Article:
If you live in one of the states like ours, you have been told to stay home, except for the infrequent or necessary trip for groceries and medications. As I wrote last time, we are living in a time that has no charted course and so we are left to dwell too often on the negative. As you know by now, birds are one source of positive feelings and hope for the future.
Normally, my husband and I are working away from home during the months of April and May, which means we miss a great many of the migrating birds that stop here. We have been keeping a record for the past 33 years that we have lived here of the birds that stop by or fly over our property. This year we will be home for all eight weeks when migration gradually grows and peaks near the end of May. Depending on where you live, migration could be in full swing now or even last month. We consider this a silver lining in our troubled world.
I most often talk about watching birds through your windows, but there is another way to watch birds in places previously hidden to our eyes. The development of webcams has changed all that. These are small recording devices or cameras that can be put in the nests of various birds. These can be birds that nest in a cavity or box of some kind, like Owls, Wood Ducks, or Woodpeckers, to name a few. But even birds that have nests exposed to the elements are being watched in real time by placing a camera on a nearby branch before the birds begin their nesting season. I know you may feel a little voyeuristic, but these are fascinating and entertaining ways of watching birds from the comfort of your home.
I have watched Bald Eagles sit on their nests through snowstorms so bad that the adults are nearly buried and you
think it’s impossible for the eggs to hatch or for the young to survive, but they do. Watching the parent’s bring food to the nest and feeding the young can be dramatic and heartrending as you watch one of the young being shoved out of the way by its bigger siblings. You can keep these birdcams up on your computer and just come back and check on the activity periodically during the day. Sometimes it’s a little boring, but other times it can be exciting.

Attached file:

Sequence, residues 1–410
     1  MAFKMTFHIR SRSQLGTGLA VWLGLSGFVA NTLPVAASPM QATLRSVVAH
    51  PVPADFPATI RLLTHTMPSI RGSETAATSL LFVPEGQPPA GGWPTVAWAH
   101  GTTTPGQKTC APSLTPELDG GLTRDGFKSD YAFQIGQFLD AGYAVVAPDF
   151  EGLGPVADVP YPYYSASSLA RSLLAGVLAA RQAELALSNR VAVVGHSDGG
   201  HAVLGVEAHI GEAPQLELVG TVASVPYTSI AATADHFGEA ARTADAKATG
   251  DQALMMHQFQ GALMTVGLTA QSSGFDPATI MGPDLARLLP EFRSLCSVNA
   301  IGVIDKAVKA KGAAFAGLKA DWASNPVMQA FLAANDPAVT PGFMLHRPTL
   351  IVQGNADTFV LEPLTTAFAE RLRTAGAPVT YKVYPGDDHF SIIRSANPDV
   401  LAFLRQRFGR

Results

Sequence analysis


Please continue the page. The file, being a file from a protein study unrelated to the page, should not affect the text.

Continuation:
I know there are webcams in owl nests , hawk nests and eagle nests recording the same types of behavior. One thing I learned watching a pair of eagles on their nest is that housekeeping is not high on their list, as evidenced by the fish and rabbit carcasses strewn across the nest.
Some of the cams are wired for sound too. I watched a video of a Barred Owl hooting just after her eggs hatched, as if she were announcing to the world, or at least to her mate that the long awaited day had arrived. Through the Cornell Lab of Ornithology you can not only watch live action video, but many other videos recorded previously in other nests.
We have neighbors who have Wood Duck nest boxes and for several years now they have been putting a camera in
one of the boxes. They have it set up so that they can see what’s going on by watching their TV. There is much drama and mystery as one hen lays her eggs and a while later a different one comes in and lays hers. This can sometimes lead to a super abundance of eggs and not all will hatch.
Our neighbors have learned to recognize when the mother duck is ready to leave the nest along with her recently hatched ducklings. Knowing we’d enjoy the show, they have called us over to watch and we got to see how the little ones struggled to climb up the wall to the nest opening and then launch themselves into the air. Amazingly, the mother duck knows when all of the young have come out and she won’t leave before that happens. We can only assume that she can hear the last one trying to get out. Talk about anxiety – both for the duck and for the humans watching this drama. Eventually they all leave the nest and the mother immediately leads them into the grass and down a steep hill to the river below. This is a show that you can watch over and over again – it never gets old or boring.
This takes your bird watching to another level, one that was impossible not that long ago. Spend some time each day ignoring the news on the TV or radio and tune in to life happening all over the country.
By Kate Crowley